In assembly, the back of the vertically disposed mounting strip 51 is placed against the back of the dividing wall and the horizontally disposed mounting strip 54 is similarly placed against the top of the unit base pan 27. The mounting strips are secured in place also using self taping screws as described above that are passed through the receiving holes in the strips and threaded into the dividing wall and the base pan to secure the housing to the unit.
Reinforcing gussets 60 are located between the horizontal mounting strip and the front panel as well as between the top wall and the front panel. The gussets are formed by stamping depressions in the metal using well known stamping techniques. The gussets provide additional strength to the mount so that the mount can readily withstand motor induced stresses and prevent the motor and thus the unit fans from vibrating under load. A cusp 63 is also formed in the front panel along the motor receiving opening by again deforming the panel as illustrated in FIG. 4. The cusp is large enough to allow electrical lines 65 (FIG. 3) to pass therethrough.
The baffle 46 contains a semi circular body 70 having an end flange 71 integrally joined the body section. The baffle again can be stamped from sheet metal or molded from a suitable plastic material to the desired shape. The end flange contains slotted holes 73 at either end for receiving threaded fasteners such as self tapping screws 74 therein which, as described above, are threaded into holes 75 in the front panel 41 of the housing 40. Although threaded fasteners are employed in this embodiment of the invention, it should be evident that the baffle can be secured to the front panel of the housing using spot welds or the like.
The body of the baffle complements the shape of the motor casing which, in this case, is circular. The baffle is centered on the vertical axis 78 of the motor and subtends an arc of at least 90? to either side of the vertical axis so that the opposite ends of the body are at least coextensive with the horizontal axis 80 of the motor or preferably extend slightly below the horizontal axis. The axial length of the body section of the baffle is also slightly greater than the axial length of the rear section of the motor casing that extends outwardly from the front panel of the housing. The radius of curvature of the body section is centered on the center of the motor casing and is greater than the radius of the casing. Accordingly, the rear section of the motor is well shielded from any snow or ice that might enter the outdoor section of the air conditioning unit.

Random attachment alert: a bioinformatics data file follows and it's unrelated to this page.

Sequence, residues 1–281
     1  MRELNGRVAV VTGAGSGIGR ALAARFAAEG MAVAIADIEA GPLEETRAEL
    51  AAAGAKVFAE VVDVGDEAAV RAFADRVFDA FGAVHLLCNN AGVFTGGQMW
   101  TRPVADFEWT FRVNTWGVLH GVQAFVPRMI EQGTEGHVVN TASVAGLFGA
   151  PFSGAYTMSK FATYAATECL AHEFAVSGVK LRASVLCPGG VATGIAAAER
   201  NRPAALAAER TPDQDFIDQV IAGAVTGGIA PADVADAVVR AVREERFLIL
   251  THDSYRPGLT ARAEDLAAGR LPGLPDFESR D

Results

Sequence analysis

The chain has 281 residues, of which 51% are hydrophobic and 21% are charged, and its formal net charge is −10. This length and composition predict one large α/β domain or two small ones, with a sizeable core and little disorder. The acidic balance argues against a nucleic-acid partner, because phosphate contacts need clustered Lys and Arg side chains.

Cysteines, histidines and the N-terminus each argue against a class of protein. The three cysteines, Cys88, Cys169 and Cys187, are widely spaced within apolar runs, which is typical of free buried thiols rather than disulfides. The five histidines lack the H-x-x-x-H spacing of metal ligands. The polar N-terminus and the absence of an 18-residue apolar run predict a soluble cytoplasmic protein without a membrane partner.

Although snow and ice may build up on the motor baffle, the snow and ice will melt when the unit is placed in operation. Because of the configuration of the baffle, the moisture from the melt will be directed to either side of the motor and drops into the base pan of the unit. The base pan, in turn, is contoured so that the moisture is directed away from the motor and eventually is moved out of the unit using method and apparatus that is known in the art.
While the present invention has been particularly shown and described with reference to the preferred mode as illustrated in the drawing, it will be understood by one skilled in the art that various changes in detail may be effected therein without departing from the spirit and scope of the invention as defined by the claims.
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|U.S. Classification||62/262, 62/428, 310/85|
|International Classification||F24F1/02, H02K5/10, F24F13/20, H02K5/00|
|Cooperative Classification||H02K5/10, F24F1/027, H02K5/00, F24F2013/205|
|European Classification||H02K5/10, F24F1/02B3|
|May 16, 2001||AS||Assignment|
Owner name: CARRIER CORPORATION, CONNECTICUT
Free format text: ASSIGNMENT OF ASSIGNORS INTEREST;ASSIGNORS:MORETTI, STEPHEN L.;KWASIGROCH, DAVID F.;REEL/FRAME:011838/0770
Effective date: 20010221
|Dec 28, 2005||FPAY||Fee payment|
Year of fee payment: 4
|Jan 29, 2010||FPAY||Fee payment|
Year of fee payment: 8
|Mar 28, 2014||REMI||Maintenance fee reminder mailed|
|Aug 20, 2014||LAPS||Lapse for failure to pay maintenance fees|
|Oct 7, 2014||FP||Expired due to failure to pay maintenance fee|
Effective date: 20140820